Florida Republican Rep. Greg Steube used his time during the House Judiciary markup to display an array of handguns in an attempt to show what guns could be banned. He was participating remotely and later said that he was at his home.

"Right here in front of me, I have a Sig Sauer P226," he said, holding up the weapon that could be seen on the screen. "It comes with a 21-round magazine. This gun would be banned."

Steube then tried to insert a smaller magazine into the gun, which did not fit "because this gun was made for a 21-round magazine."

He then held up several other guns, prompting Democratic Rep. Sheila Jackson Lee of Texas to say, "I hope the gun is not loaded."

"I'm at my house," Steube responded. "I can do whatever I want with my guns."

Tensions flare during markup

Tensions flared between Democrats and Republicans as the marathon event went late into the evening on Thursday.

"Spare me the bullshit about constitutional rights," Cicilline said at one point during a debate over red flag laws, which can allow for guns to be temporarily taken away from individuals deemed a danger to themselves and others. Some opponents of the laws argue the measures infringe on due process rights.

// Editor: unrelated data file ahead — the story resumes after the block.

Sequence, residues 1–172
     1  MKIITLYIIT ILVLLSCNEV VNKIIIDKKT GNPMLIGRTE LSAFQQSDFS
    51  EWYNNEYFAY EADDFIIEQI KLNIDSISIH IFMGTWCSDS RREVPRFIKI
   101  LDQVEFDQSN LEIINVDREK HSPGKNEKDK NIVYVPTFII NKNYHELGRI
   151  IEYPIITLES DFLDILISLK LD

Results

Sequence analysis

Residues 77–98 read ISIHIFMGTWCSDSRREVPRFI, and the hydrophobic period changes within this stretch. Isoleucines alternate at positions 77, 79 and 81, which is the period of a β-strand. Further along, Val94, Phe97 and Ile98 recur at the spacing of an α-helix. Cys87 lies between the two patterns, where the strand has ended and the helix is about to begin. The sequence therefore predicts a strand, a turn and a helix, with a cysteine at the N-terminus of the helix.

"You know who didn't have due process? You know who didn't have their constitutional right to life respected? The kids at Parkland, and Sandy Hook, and Uvalde and Buffalo, and the list goes on and on," he said.

Democratic Rep. Jamie Raskin of Maryland accused Republicans of misleading the American public about the Second Amendment in their arguments against tighter gun regulations at one point.

"My colleagues are throwing up the Second Amendment as a smokescreen to protect their opposition to any reasonable gun safety regulation," Raskin said. "Enough -- that's what's killing America. You're confusing people by saying that somehow any form of gun safety regulation violates the Second Amendment. That's nonsense. That's bull. That's ridiculous."

This story and headline have been updated with additional developments Thursday.